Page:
Disappointment between the covers: On reading Trickster’s Choice and Trickster’s Queen by Tamora Pierce

If you’ve visited my blog at all during the last few months, you’ve probably seen me gushing over the series of fantasy books by Tamora Pierce that I’ve been listening to obsessively. These three quartets, all set in the kingdom of Tortall, feature brave young women finding their own unique strengths and showing courage under fire as well as compassion to those in need. I loved, loved, loved these books, and vowed to keep going until I’d read EVERYTHING set in Tortall.

That vow still holds, but this post will be a temporary break from the gushy lovefest.

I’ve been following story as well as publishing chronology, so after finishing the outstanding Protector of the Small quartet, my next adventure was to be the Daughter of the Lioness duology, starring Alianne, the 16-year-old daughter of Alanna, Tamora Pierce’s first heroine (and Tortall’s first Lady Knight).

I knew I was in trouble almost immediately. I’ve been listening to the audiobook for all of these series… but within the first few chapters of listening to book #1, Trickster’s Choice, I was hopelessly lost. So much exposition! It felt like I was being bombarded with thousands of names (people, places, historical figures), with no firm grounding in action to help keep track. I made the quick, tactical decision to switch to print, hoping that having the ability to flip back and forth and to refer to the maps and cast of characters listing in the print edition might help. Well… I suppose it helped a bit, but the essence of the story didn’t change, and that became a problem for me.

So what’s it all about?

Here’s the Goodreads summary for Trickster’s Choice:

The Future is in the hands of the next generation.

Aly: a slave with the talents of a master spy, a fabled lineage she must conceal, and the dubious blessing of a trickster god.

Sarai: a passionate, charming teenage noblewoman who, according to prophecy, will bring an end to a cruel dynasty.

Dove: the younger sister of Sarai; she has a calculating mind and hidden depths that have yet to be plumbed.

Nawat: a magical young man with a strangely innocent outlook and an even stranger past; Aly’s one true friend in a world where trust can cost you your life.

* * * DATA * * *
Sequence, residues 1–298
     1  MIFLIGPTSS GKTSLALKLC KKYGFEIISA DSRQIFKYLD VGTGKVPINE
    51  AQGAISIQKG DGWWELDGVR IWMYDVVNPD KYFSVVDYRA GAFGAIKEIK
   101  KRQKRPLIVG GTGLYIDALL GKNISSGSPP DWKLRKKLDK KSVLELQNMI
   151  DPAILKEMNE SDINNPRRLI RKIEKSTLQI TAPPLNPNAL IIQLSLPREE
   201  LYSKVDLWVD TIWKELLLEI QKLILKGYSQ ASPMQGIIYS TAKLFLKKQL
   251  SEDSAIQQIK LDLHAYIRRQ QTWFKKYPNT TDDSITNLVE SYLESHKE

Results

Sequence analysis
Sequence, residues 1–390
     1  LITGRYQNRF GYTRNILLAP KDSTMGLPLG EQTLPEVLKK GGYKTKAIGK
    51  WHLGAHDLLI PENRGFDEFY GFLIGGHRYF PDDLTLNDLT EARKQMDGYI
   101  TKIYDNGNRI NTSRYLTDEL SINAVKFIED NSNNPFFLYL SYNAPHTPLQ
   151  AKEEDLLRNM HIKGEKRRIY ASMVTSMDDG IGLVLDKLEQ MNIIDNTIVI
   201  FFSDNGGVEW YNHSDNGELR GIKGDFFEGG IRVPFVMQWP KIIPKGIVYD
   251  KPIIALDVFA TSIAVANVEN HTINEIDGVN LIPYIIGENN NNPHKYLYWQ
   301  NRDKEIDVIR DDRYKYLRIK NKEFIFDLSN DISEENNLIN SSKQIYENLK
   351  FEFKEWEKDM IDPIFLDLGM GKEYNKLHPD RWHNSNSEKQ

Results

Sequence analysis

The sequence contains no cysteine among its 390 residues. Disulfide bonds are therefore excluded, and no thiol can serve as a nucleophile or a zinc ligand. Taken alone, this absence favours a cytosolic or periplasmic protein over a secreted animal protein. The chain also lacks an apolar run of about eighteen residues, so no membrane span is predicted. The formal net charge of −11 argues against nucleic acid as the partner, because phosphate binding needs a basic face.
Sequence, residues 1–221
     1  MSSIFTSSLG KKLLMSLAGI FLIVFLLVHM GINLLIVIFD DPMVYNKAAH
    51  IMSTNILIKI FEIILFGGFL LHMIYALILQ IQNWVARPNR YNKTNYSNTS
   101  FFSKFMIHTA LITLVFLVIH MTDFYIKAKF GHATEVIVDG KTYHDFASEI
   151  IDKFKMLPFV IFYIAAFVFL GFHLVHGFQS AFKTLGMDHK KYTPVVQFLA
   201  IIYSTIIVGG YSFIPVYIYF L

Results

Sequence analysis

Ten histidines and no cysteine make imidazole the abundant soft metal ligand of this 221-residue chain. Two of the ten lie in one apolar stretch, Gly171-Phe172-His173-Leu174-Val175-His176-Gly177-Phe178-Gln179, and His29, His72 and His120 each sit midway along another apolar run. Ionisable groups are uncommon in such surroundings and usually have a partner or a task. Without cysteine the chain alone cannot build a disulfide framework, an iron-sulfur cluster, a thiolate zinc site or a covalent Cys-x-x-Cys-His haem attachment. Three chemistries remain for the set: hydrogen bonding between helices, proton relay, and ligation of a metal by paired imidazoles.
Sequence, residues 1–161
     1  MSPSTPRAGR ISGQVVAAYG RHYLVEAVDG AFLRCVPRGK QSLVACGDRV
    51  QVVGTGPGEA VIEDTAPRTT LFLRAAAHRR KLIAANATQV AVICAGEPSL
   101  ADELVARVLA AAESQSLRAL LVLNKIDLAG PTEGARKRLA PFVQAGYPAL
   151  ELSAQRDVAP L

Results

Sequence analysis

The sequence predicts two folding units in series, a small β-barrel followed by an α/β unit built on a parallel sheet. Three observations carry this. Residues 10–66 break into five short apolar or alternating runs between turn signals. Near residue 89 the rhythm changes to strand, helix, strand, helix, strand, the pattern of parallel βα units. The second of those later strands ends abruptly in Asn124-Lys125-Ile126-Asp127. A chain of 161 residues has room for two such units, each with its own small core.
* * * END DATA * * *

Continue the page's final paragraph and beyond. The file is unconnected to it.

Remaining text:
Aly is short for Alianne, daughter of Alanna the Lioness and George Cooper, Alanna’s husband and the spymaster of Tortall. Aly has been taught the tricks and secrets of the spy trade since infancy, but at age 16, she’s restless and wants to get out into the field, which her parents oppose. She sneaks out on her own to go boating and promptly gets kidnapped by pirates, who sell her into slavery in the nearby kingdom of the Copper Isles.

The Copper Isles are plagued by centuries of unrest between the ruling luarin (white) nobility and the down-trodden (brown-skinned, native) raka people. Aly becomes a slave in a noble household under suspicion from the reigning monarch. The trickster god Kyprioth, the god of the Copper Isles, enlists Aly in a plan to help raise a rebellion. And the adventure is underway.

I had a very hard time with this book. I was half-bored through most of it. As I mentioned, it’s a lot of people and places, but I didn’t connect with most of the characters. For a story about rebellion, the plot has some seriously slow points. But the chief problem I have with the story is Aly herself. She’s just too skillful and knowledgeable about being a spy. Yes, she comes from an espionage family, but she’s never been an agent or seen active duty. She never falters, never lacks the ability to carry out her ideas, and pretty much never screws up.

One of the things that makes the other Tortall quartets so special is seeing the main characters evolve from young, untrained youths who work and fight to fulfill their potential. Here in Trickster’s Choice, Aly already is who she is. There’s no learning curve, no doubt, and very little introspection.

And that’s not even addressing the social issues that are so problematic, which are talked about quite a bit in the many reviews to be found on Goodreads. Basically, this white, privileged girl from noble background has to swoop in to lead the native people to an uprising, which they apparently couldn’t manage without her. On top of which, when given the chance at freedom, Aly chooses to maintain her enslaved status in order to provide better cover for her mission from Kyprioth, which seems to imply that being enslaved maybe has a purpose. All of this made me very uncomfortable.

Oh, and the love interest is a crow who’s turned himself into a man and is learning to be human. Awkward.

I finished this book with a great sense of frustration and discontent… so why did I continue? Yes, despite my fairly unhappy time reading Trickster’s Choice, I went straight on to Trickster’s Queen, hoping for a stronger second act in the Daughter of the Lioness story.

In Trickster’s Queen:

The stage is set for revolution…